View Full Version : Did this really happen?
11-03-2001, 10:45 AM
Hello everyone. I have a historical question involving WWII I'd like to ask here. I once heard from a WWII vet GI who came to our school a few years ago that the first batch of Nazi's at Nuremberg that were executed were cremated in the Dachau ovens...I asked my stepmom, whose ex-husband is a Jew from Austria, and she said that's a myth. Later, I saw this being listed as true in my world history book this year. I asked my German teacher, and she said it's a myth too. Findagrave.com used to list Heinrich Himmler as being cremated in Dachau, but now it just says:
"In a gesture to forever dishonor and condemn their past lives, most Nazi war criminals were cremated and their ashes thrown into German rivers or other common places. Such is reputed to be the disposal of Himmler's body, but the actual whereabouts of his ashes or their disposition remain a mystery to this day."
This of course makes more since than Dachau cremation. I've scoured for info, but all in vain, so what's the straight dope? Were any Nazi's cremated in concentration camps ovens, or is that just a myth? Thanks.
PS: Please post answers with sources and/or credible links.
11-03-2001, 10:58 AM
I've never heard the Dachau thing before.
From THE NUREMBERG WAR-CRIMES TRIAL (http://www.justiz.bayern.de/olgn/imte.htm):
Those sentenced to death were executed in the early morning of October 16, 1946, in the old gymnasium of the Nuremberg prison, which in 1987 was torn down as part of a modernization project. The bodies were subsequently cremated in Munich and the ashes were strewn in an estuary of the Isar River. Those sentenced to imprisonment were transferred to the prison in Berlin-Spandau, which the Allies had chosen for this purpose. The last of the prisoners, Rudolf Hess, committed suicide there in August, 1987.
11-03-2001, 12:06 PM
From The Nuremberg Trial by Ann & John Tusa, at p. 486:The bodies were laid in their coffins one by one; Goering was brought to join them. On the instructions of the Control Council four photographs were to be taken for official records, but never to be published. (Some did appear later.) At 5.30 a.m. two vans with two escorting jeeps packed with armed military policemn took the bodies away. One woman correspondent tried to track them but was soon shaken off. When last seen they were heading in the direction of Fürth, where there was an airport. It was assumed by many that they had been taken to Berlin for cremation. An official announcement from the Allied Control Council next day disclosed that the eleven had been 'cremated and the ashes disposed of.' (55) Cremation and secret scattering of the ashes had been agreed on at a meeting on 10 October. (56) According to German law the relatives had the right to the remains but the Allies were terrified of shrines, places of pilgrimage for resurgent Nazism. There seems to be no offical record of what actually happened but a belief deeply held by many people is that the bodies were actually driven to the former concentration camp at Dachau and cremated in the dreadful ovens. Dachau was not far away; there was a ghastly appropriateness that those who had established such a place should themselves end there. That is what many would wish to believe.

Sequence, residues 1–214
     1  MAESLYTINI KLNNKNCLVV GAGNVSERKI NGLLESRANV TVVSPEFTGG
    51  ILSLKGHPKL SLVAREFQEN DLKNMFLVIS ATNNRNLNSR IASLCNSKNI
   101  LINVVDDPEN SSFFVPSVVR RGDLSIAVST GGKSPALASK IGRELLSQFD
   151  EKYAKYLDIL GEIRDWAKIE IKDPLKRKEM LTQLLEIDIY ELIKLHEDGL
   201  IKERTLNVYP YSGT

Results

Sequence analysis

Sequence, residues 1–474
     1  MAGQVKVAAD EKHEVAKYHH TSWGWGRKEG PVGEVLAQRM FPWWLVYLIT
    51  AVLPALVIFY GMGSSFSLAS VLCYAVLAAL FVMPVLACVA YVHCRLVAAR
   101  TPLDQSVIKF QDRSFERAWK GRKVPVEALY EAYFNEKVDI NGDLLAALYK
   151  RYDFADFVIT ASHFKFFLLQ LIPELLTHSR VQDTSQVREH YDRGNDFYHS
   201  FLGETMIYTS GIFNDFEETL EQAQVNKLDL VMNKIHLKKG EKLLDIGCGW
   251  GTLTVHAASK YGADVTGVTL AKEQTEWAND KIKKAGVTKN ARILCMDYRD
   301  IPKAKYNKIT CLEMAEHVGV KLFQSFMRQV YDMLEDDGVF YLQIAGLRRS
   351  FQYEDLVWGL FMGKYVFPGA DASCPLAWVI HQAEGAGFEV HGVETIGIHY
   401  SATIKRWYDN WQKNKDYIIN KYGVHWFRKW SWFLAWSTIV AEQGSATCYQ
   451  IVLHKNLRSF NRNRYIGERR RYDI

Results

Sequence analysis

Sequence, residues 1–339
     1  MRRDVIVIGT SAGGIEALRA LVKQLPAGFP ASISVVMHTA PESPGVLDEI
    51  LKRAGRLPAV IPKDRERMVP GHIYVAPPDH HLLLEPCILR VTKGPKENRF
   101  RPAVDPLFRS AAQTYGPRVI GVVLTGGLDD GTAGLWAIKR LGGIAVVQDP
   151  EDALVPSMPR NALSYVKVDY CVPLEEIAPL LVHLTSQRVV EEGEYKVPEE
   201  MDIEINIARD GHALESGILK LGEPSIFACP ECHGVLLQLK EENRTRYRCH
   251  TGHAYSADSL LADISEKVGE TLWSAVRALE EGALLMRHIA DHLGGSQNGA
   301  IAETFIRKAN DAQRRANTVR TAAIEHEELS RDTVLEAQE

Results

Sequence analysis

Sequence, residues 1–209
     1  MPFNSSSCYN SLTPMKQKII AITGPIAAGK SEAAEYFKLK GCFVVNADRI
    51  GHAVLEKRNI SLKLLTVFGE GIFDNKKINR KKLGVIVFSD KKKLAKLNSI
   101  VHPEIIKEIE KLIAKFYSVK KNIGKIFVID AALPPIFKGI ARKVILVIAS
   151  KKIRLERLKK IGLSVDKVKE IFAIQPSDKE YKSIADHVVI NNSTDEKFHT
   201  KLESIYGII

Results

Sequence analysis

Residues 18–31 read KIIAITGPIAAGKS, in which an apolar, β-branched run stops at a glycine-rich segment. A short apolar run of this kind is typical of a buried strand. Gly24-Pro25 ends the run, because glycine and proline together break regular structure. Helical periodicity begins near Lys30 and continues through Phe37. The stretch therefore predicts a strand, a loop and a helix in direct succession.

(55)New York Times, 17 October
(56) FO 371.57552
If you're interested in the Nuremberg Trial generally, I highly recommend this book.
11-03-2001, 01:30 PM
Man, I love the Internet. At the Tour of the Camp at Dachau (http://www.scrapbookpages.com/WesternGermany/DachauMemorial/Text02.html) I found the following that contradicts what I cited above:
The ovens in Baracke X (http://www.scrapbookpages.com/WesternGermany/DachauMemorial/Crematorium02.html) were last used to cremate the bodies of the Nazi war criminals who were executed after they were found guilty of war crimes and crimes against humanity at the Nuremberg trial in 1946. The body of Hermann Goering (http://www.scrapbookpages.com/WesternGermany/DachauMemorial/Goering.html), who committed suicide before his death sentence could be carried out, was cremated here. Tourists can see ashes still remaining in the ovens, but the tour guides do not mention that these are the ashes of the Nazi war criminals. Unaware of this, tourists leave flowers and candles at the ovens.
So now we've got no, maybe and yes. Glad we could clear that up.
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